What are we going to do about India's ‘about to’ syndrome, asks Anuja Chauhan

Recently, Virat Kohli put out a tweet asking people to stay tuned as he was about to share some tips on how to celebrate a meaningful Diwali. Immediately, the bhakts were all over him like a bad rash. “Bhaunk mat, Kohli (do not bark, Kohli)” started trending before you could say 'troll, baby, troll'; it was assumed he was “about to” ask people not to indulge in the ancient and sanskari Hindu tradition of lighting firecrackers, and pictures of the IPL finale were shared to prove what a hypocrite he was.

Putting aside minor quibbles—like um, we are the third most polluted country in the world, or were there any fireworks back in the day when Ram and Sita walked the Earth, or are most crackers not made-in-China and therefore unpatriotic or uh, the IPL happened in Dubai so why blame Kohli—let us get to the most problematic bit first. How did the trolls know what Virat was about to say? Because he has not even said it, yet!

Illustration: Bhaskaran Illustration: Bhaskaran

Just like stand-up comic Munawar Faruqui had not even made a single joke, anti-national or otherwise, when he was arrested on New Year’s Eve, on the charge that he was “about to” make anti-national jokes.

Just like Aryan Khan was arrested because he was “about to” smoke up the 6g of charas found in Arbaaz Merchant’s possession. Just like the film Padmaavat was banned before a single bhakt had even seen it because it was “about to” show a dream sequence featuring Alauddin Khilji and the Rajput queen, which was repugnant to Hindus. (There was no such scene in the film.)

Or, Priyanka Gandhi Vadra was detained before she could enter Lakhimpur because she was “about to” indulge in political opportunism.

This “about to” syndrome is disturbingly reminiscent of several cases in the United States when police officers “thought the perp was drawing a gun and was ‘about to’ shoot, so I shot him before he could shoot me” when actually the African-American man had just been pulling out his phone. Reaching for a more dramatic example involving the US, the pre-emptive strikes on Iraq also happened because it had and was “about to” use weapons of mass destruction.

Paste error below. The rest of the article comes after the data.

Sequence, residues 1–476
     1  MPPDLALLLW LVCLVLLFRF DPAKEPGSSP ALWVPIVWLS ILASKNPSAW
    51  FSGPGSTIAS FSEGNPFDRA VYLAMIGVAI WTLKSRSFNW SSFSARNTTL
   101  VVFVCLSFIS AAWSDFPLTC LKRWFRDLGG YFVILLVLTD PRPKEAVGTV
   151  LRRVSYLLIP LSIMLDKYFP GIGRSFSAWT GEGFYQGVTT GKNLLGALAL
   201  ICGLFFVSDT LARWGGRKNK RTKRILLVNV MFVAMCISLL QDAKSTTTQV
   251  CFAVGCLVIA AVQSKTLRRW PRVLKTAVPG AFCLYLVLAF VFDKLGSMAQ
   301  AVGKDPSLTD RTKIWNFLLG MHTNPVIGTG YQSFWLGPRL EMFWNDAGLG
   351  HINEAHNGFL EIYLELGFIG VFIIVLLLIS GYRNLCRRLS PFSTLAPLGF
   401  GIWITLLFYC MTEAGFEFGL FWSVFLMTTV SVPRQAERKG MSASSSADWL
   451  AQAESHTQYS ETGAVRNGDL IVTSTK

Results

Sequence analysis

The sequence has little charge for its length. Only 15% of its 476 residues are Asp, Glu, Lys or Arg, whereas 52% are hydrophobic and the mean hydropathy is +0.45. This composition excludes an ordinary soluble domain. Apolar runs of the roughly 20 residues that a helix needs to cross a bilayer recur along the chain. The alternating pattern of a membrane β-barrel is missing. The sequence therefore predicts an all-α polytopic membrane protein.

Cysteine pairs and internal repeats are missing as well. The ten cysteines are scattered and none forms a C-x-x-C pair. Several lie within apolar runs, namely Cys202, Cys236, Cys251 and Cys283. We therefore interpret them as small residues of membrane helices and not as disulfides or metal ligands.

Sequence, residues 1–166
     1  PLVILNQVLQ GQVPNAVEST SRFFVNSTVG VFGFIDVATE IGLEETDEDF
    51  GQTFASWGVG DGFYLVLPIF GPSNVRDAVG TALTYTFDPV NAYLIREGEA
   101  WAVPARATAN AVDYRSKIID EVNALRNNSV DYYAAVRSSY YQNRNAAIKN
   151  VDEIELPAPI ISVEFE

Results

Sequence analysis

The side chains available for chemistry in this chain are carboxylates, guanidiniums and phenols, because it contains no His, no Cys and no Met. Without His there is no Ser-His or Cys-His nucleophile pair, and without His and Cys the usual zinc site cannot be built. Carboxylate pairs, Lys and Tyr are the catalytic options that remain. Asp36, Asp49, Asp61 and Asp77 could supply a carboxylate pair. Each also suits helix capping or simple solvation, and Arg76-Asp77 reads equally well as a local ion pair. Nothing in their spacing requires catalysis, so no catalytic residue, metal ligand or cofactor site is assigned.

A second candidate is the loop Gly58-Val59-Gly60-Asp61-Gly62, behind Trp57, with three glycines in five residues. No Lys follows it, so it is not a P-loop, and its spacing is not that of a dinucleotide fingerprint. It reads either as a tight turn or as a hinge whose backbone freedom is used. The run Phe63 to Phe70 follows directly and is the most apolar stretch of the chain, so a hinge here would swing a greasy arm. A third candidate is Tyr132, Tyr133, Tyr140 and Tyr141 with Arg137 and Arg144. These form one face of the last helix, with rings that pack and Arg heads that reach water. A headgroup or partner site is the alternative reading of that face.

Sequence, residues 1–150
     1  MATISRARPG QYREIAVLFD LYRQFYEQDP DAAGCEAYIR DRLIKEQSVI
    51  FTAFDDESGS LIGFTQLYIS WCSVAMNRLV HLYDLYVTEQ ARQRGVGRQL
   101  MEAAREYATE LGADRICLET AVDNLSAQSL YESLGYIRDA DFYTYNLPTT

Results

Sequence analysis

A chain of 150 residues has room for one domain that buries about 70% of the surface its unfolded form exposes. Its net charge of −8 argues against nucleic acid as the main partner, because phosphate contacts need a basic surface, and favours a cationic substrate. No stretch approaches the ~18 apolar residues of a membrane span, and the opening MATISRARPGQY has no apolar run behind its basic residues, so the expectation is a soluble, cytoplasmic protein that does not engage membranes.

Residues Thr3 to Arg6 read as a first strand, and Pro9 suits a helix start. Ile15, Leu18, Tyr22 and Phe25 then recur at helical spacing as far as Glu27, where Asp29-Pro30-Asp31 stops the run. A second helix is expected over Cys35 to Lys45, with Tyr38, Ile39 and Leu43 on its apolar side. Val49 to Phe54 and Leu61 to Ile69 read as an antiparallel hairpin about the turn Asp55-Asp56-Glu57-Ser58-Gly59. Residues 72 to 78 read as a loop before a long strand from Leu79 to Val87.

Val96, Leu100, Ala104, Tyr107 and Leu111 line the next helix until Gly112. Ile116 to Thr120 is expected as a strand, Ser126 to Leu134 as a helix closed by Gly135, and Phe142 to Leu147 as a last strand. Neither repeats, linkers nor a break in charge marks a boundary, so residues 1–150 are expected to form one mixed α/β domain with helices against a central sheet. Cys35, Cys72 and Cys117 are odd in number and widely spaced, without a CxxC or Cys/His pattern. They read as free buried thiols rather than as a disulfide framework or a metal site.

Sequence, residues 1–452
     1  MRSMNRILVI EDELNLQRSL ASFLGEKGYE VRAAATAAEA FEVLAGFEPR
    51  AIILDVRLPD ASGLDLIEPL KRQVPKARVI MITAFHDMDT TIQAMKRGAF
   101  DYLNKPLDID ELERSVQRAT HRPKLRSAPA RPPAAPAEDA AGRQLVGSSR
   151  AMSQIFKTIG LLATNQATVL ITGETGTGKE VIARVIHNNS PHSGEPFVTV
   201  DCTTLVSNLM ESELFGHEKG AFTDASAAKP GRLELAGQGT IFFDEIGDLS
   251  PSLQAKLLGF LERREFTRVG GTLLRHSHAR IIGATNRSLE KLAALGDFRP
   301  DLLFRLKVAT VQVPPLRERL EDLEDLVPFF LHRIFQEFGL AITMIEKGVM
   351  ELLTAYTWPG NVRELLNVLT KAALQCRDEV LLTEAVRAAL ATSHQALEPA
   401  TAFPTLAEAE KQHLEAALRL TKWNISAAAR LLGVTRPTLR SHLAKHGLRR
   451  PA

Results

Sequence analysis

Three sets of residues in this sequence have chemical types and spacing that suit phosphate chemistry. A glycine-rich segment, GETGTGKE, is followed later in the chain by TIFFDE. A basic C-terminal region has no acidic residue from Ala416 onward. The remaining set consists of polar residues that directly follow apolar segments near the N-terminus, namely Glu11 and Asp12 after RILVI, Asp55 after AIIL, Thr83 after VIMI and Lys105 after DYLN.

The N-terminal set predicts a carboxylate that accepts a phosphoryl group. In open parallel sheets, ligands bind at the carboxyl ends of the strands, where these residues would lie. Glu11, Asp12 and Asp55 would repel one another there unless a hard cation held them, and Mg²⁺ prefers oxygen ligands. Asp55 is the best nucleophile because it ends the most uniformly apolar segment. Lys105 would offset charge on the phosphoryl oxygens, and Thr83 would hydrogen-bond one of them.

Of course, this about-to-ness is massively selective. Indian women with creepy stalkers either online or on the ground, who fear that they are about to be raped, are routinely told by a callous or (badly trained) police that, 'Oho, it has not happened yet, na? Come back after it happens.'

The flip side of this whole 'about-to-ery' is that the citizenry is now paralysed with fright. Fabindia, a solid, highly respected, 60-year-old brand, has just retracted an ad campaign hours after the obnoxious Tejasvi Surya declared the headline Jashn-e-Riwaaz too Urdu-sounding for a festive collection and therefore upsetting Hindu sentiments. I assume Fabindia blinked because they feared Surya’s troll army was “about to” trash their stores and harass their employees. I wish they had stuck to their guns, and shown more spine in the face of this plainly ludicrous charge, like Manyavar did when its Kanyadaan ad was trolled. But like Tanishq last year, they caved.

The cycle is clearly one of intimidation and fear. Bollywood, once the fountainhead from whence sprung irreverent, syncretic, universally-loved blockbusters like Amar Akbar Anthony, Bombay, Jodhaa Akbar, PK, My Name is Khan and Bajrangi Bhaijaan, is obediently pooping out regressive, jingoistic turds on a regular basis.

I think it is safe to say that our most cherished institutions and ideals have gone beyond “about to” be destroyed to actually destroyed. What are we going to do about it?